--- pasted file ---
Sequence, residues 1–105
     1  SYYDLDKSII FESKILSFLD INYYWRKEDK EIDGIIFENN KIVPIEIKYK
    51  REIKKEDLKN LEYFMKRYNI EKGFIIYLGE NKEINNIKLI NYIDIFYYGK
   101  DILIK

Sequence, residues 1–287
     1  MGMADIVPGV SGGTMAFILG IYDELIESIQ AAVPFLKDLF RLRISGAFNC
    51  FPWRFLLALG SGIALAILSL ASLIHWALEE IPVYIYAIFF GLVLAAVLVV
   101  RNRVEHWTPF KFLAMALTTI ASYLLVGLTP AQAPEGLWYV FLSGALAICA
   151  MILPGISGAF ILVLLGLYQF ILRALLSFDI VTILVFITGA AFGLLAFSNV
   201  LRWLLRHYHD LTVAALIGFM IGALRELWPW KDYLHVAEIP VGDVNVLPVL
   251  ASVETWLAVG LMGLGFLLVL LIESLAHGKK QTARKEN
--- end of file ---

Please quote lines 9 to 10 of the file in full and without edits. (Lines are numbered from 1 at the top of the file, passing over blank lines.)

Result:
   151  MILPGISGAF ILVLLGLYQF ILRALLSFDI VTILVFITGA AFGLLAFSNV
   201  LRWLLRHYHD LTVAALIGFM IGALRELWPW KDYLHVAEIP VGDVNVLPVL